By Zachary Stieber
Jan. 6 defendants can access at least some of the security footage that the GOP has made available to Tucker Carlson, top Republicans say.
“It is our intention to make available any relevant videos and documents on a case-by-case basis as requested by attorney’s representing defendants,” Rep. Barry Loudermilk (R-Ga.), chairman of the House Administration’s Oversight Subcommittee, told news outlets in a statement.
All of the footage—approximately 42,000 hours—will be available to defendants, according to Rep. Marjorie Taylor Greene (R-Ga.).
“Everyone accused of a crime in this country deserves due process, which includes access to evidence which may be used to prove their guilt or innocence,” Loudermilk said.
Nearly 1,000 people have been charged with crimes related to the Jan. 6, 2021, breach of the U.S. Capitol.
In the previous Congress, when Democrats controlled the House and the special committee on Jan. 6, the House did not give defendants access to the footage. The committee released some clips of what unfolded on Jan. 6, including during hearings.
Republicans flipped control of the lower chamber in the midterms and have made Jan. 6 a priority, although they have refused so far to release the footage to the public or grant access to outlets beyond Fox News. Carlson said recently he was given “unfettered access” to the video, and that his team is reviewing the trove.
Defendants had access to 14,000 hours of footage before, according to one filing this week.
House Speaker Kevin McCarthy (R-Calif.) told reporters in Washington that defendants have had access before, but if it’s still needed, “We can supply that to them.”
Some outlets, including CNN, have received and released clips that were not previously made public.
“I know a lot of your networks has had tapes for two years,” McCarthy said. “I want to make sure we don’t play politics like that; that everyone is able to get it.”
McCarthy also said that he wanted to make the video available to the public “as soon as possible.”
“Have you ever had an exclusive? Because I see it on your networks all the time. So we have [given an] exclusive, then I’ll give it out to the entire country,” McCarthy said.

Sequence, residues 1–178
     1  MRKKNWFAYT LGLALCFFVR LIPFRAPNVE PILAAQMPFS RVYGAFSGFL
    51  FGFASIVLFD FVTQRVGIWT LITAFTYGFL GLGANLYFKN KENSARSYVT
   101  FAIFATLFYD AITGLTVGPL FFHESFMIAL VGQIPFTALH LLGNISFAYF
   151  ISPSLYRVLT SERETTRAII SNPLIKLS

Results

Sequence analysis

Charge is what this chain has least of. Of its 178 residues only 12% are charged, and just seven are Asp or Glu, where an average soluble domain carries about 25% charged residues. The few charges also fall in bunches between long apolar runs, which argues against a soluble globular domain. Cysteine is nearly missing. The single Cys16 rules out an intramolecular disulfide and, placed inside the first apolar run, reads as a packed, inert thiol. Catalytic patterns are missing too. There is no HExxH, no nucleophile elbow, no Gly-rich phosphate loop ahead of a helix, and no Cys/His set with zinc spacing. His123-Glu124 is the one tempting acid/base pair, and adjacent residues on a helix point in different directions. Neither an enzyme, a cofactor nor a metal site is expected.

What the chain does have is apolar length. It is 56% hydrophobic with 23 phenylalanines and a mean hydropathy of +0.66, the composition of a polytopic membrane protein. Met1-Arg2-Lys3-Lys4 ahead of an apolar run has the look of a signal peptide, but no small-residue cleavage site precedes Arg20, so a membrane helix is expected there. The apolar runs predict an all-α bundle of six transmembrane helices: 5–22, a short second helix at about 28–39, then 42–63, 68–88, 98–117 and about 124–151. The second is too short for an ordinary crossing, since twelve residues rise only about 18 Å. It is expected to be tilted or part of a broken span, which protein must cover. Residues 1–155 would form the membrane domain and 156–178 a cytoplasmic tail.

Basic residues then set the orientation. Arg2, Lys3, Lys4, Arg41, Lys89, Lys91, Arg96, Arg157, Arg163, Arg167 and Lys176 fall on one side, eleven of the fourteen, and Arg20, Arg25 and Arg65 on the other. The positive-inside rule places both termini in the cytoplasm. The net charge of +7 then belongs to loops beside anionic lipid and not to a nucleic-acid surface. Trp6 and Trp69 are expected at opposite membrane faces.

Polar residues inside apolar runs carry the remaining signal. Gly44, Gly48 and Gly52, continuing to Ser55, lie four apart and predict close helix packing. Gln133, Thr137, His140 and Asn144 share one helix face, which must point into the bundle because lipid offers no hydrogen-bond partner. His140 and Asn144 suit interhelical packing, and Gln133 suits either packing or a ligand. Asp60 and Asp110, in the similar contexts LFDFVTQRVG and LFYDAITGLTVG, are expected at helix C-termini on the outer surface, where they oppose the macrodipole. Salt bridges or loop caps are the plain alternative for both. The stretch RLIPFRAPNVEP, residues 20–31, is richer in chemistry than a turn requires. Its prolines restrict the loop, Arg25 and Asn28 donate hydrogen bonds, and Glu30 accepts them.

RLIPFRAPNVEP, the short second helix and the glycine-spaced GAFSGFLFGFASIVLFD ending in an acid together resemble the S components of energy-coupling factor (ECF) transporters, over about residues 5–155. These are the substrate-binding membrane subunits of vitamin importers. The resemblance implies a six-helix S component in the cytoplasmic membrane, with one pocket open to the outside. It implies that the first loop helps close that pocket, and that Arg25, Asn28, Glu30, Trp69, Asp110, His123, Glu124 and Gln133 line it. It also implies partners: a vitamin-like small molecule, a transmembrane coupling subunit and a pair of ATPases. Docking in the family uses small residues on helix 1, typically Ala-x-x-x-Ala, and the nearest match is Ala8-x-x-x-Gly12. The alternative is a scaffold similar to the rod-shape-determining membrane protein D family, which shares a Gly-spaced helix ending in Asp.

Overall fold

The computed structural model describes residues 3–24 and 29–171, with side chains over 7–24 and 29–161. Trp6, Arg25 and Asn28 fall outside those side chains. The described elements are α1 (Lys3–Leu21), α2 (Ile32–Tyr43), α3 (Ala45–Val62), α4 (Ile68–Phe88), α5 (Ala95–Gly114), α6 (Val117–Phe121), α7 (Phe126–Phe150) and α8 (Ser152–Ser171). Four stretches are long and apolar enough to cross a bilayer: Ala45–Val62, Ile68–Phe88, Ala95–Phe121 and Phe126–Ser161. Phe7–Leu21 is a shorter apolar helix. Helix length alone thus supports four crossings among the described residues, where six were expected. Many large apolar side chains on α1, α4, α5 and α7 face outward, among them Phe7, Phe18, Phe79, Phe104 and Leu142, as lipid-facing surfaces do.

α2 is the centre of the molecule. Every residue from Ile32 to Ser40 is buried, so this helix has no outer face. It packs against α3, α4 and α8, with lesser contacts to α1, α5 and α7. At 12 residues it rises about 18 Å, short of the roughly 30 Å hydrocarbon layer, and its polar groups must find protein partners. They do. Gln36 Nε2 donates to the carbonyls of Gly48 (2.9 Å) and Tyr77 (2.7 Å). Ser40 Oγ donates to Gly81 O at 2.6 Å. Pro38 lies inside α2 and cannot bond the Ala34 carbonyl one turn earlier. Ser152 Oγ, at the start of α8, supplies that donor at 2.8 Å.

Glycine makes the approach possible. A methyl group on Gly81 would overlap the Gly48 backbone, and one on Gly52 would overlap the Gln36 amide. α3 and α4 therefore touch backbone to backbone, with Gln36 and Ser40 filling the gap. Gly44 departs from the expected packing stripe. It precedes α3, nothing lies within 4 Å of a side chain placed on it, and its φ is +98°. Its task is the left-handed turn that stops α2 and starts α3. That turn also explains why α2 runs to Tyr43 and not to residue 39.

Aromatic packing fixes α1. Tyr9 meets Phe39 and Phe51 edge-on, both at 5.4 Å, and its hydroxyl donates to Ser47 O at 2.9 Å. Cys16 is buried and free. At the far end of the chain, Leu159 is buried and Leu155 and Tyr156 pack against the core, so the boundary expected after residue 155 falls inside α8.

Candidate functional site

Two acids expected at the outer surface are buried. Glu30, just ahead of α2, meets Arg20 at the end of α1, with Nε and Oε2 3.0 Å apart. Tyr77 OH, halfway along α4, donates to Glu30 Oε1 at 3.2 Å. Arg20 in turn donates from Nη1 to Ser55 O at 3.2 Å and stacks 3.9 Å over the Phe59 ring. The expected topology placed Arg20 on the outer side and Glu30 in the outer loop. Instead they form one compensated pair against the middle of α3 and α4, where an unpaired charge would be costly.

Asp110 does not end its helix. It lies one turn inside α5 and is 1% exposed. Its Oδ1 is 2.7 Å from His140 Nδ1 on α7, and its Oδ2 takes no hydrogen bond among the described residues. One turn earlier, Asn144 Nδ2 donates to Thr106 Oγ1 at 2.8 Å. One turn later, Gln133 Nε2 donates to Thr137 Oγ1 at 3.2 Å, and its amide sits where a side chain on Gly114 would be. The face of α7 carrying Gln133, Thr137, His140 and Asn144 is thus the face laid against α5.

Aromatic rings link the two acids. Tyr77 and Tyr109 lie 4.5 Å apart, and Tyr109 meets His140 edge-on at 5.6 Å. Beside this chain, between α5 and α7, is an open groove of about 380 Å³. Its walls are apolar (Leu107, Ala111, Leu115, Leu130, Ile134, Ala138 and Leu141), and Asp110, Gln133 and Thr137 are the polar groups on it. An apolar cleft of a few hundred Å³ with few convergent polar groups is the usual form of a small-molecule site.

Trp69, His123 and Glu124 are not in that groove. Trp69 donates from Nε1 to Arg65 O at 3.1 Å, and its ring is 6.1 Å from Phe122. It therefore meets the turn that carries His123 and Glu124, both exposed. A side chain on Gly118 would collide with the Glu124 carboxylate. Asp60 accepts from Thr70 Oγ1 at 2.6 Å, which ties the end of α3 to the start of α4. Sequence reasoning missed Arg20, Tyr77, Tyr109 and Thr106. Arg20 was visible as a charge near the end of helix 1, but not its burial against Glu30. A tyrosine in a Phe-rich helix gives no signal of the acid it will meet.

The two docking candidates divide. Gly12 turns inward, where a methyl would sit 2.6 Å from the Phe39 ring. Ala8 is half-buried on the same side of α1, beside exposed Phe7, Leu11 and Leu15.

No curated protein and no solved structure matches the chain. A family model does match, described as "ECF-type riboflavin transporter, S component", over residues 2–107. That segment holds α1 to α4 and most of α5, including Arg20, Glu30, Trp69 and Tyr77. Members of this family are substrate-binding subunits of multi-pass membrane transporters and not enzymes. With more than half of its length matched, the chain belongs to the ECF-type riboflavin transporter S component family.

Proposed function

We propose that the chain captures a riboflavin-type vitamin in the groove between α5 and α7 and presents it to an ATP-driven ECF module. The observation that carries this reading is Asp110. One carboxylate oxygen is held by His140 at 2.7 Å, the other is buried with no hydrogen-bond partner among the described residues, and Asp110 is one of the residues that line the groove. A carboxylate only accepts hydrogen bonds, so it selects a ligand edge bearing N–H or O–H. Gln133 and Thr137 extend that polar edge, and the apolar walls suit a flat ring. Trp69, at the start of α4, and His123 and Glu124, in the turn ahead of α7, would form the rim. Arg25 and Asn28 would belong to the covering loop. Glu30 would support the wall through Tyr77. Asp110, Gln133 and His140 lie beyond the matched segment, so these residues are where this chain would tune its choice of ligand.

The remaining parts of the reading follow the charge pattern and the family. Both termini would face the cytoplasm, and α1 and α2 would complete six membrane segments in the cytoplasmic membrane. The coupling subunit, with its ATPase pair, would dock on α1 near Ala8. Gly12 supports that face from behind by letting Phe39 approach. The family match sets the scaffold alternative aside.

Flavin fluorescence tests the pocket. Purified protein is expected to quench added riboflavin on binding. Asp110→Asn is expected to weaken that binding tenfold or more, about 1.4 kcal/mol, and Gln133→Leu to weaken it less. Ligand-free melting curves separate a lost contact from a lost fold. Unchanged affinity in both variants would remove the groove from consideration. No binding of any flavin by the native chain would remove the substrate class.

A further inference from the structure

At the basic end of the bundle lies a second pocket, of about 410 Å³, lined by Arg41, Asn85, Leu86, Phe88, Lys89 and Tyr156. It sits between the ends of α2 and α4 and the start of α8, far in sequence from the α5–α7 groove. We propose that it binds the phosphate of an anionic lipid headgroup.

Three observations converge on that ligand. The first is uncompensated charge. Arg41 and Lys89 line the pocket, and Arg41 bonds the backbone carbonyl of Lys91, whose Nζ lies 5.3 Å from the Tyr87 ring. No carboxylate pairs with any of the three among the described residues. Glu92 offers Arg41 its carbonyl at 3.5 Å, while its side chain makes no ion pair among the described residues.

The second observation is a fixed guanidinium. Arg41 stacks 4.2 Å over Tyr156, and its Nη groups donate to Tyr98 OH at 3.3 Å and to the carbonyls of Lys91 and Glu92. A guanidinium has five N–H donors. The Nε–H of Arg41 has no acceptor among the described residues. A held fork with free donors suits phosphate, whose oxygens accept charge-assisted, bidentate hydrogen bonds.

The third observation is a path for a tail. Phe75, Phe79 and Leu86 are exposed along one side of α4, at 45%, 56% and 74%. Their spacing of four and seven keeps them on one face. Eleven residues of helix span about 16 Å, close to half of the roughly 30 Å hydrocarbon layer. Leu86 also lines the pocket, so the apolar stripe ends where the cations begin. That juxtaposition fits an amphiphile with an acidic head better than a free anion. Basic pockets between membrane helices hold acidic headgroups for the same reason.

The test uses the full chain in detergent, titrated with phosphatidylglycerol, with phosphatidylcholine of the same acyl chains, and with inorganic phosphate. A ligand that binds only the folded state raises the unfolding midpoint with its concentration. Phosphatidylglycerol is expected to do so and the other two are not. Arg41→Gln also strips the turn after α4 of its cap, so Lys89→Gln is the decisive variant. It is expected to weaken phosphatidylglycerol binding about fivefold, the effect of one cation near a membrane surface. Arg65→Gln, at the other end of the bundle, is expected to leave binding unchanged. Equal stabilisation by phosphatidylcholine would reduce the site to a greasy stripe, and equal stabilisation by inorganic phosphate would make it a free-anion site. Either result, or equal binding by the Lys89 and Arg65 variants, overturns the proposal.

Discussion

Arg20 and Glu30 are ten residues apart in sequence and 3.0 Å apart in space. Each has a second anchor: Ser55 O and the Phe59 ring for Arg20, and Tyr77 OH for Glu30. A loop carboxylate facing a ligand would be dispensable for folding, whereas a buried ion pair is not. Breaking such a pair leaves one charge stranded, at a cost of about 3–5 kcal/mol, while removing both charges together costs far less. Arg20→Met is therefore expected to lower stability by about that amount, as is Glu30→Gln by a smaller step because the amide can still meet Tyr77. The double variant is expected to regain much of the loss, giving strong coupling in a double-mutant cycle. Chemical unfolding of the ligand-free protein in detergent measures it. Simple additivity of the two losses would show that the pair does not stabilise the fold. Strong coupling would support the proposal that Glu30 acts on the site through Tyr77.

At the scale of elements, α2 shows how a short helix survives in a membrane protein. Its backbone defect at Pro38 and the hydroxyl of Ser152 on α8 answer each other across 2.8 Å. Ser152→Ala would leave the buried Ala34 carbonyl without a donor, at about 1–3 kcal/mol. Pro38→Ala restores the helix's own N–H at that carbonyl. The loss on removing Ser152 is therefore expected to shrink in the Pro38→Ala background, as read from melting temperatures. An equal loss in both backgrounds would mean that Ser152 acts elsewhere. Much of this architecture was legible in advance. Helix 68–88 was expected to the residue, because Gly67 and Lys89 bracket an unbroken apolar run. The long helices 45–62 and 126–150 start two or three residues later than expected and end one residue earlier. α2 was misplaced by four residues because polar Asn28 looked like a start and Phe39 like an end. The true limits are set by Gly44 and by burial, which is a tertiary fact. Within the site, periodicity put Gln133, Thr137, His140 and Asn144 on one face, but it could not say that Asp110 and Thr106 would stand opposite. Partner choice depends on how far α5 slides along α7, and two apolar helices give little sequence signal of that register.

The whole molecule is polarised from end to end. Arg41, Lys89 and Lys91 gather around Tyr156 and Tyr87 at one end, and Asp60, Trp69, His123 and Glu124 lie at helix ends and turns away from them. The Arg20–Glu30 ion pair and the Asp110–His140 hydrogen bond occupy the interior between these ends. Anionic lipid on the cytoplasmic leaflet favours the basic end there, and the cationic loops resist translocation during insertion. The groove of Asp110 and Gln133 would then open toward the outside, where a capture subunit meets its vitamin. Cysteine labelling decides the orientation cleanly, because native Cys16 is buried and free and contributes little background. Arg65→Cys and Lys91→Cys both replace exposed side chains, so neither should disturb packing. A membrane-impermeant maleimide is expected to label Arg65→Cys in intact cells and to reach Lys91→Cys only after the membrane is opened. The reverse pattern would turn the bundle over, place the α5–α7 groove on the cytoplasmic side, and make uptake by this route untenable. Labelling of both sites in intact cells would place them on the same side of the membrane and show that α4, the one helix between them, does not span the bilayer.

Democrats have claimed that granting access to the footage raises security concerns.
“We are deeply concerned that the release of footage related to the January 6 violent insurrection will reveal some security details that could create some challenges in terms of the safety and well being of everyone on the Capitol Complex,” House Minority Leader Hakeem Jeffries (D-N.Y.) said.
At least one defendant has asked a judge to delay his trial after the new developments.
“For the first time since the inception of this case, the full context of January 6th is receiving intensive public scrutiny as 41,000 hours of CCTV footage relevant to January 6th has been made available to the Defendant and members of the public,” Ryan Nichols, the defendant, said in a Feb. 27 motion to delay his trial.
Joseph McBride and Bradford Geyer, who are representing Nichols, have obtained permission to examine all of the closed-circuit security camera footage, according to the filing.
“Defendant’s position is simple and straightforward: there is no justifiable reason why this newly available evidence had not been made available before today—thus, any possible prejudice to the prosecution from a continuance is dwarfed by Defendant’s constitutional right to defend himself,” Nichols said.
McBride said on Twitter that former House Speaker Nancy Pelosi (D-Calif.) “hid this footage from us for 2 years while Americans were tried & convicted prior to a single juror ever hearing the truth.”
Sixty-six people have been found guilty by juries or judges. Only one has been fully acquitted, following a bench trial.
Hundreds of other defendants have pleaded guilty, and nearly 400 have been sentenced. Of those, more than half were sentenced to time in prison.
Nichols and his lawyers said that it was necessary to review each moment of the footage in order to ensure they don’t miss video crucial to his defense, such as footage of him “walking through a scene” or showing a law enforcement officer “doing something inconsistent with their expected testimony at trial.”
They asked the judge to remove a protective order limiting access to the footage so that review of it could be crowd-sourced.
The filing also said that the Republican panel on government weaponization has recently received 100 “abandoned boxes” of records from the Democrat-controlled Jan. 6 panel that went defunct at the end of the last Congress and that Nichols hopes to review the materials.
Nichols has been charged with, among other charges, unlawful possession of a dangerous weapon on Capitol grounds or building and an act of physical violence in the Capitol grounds or building. He has pleaded not guilty and the trial is currently slated to start on March 27.
The Associated Press contributed to this report.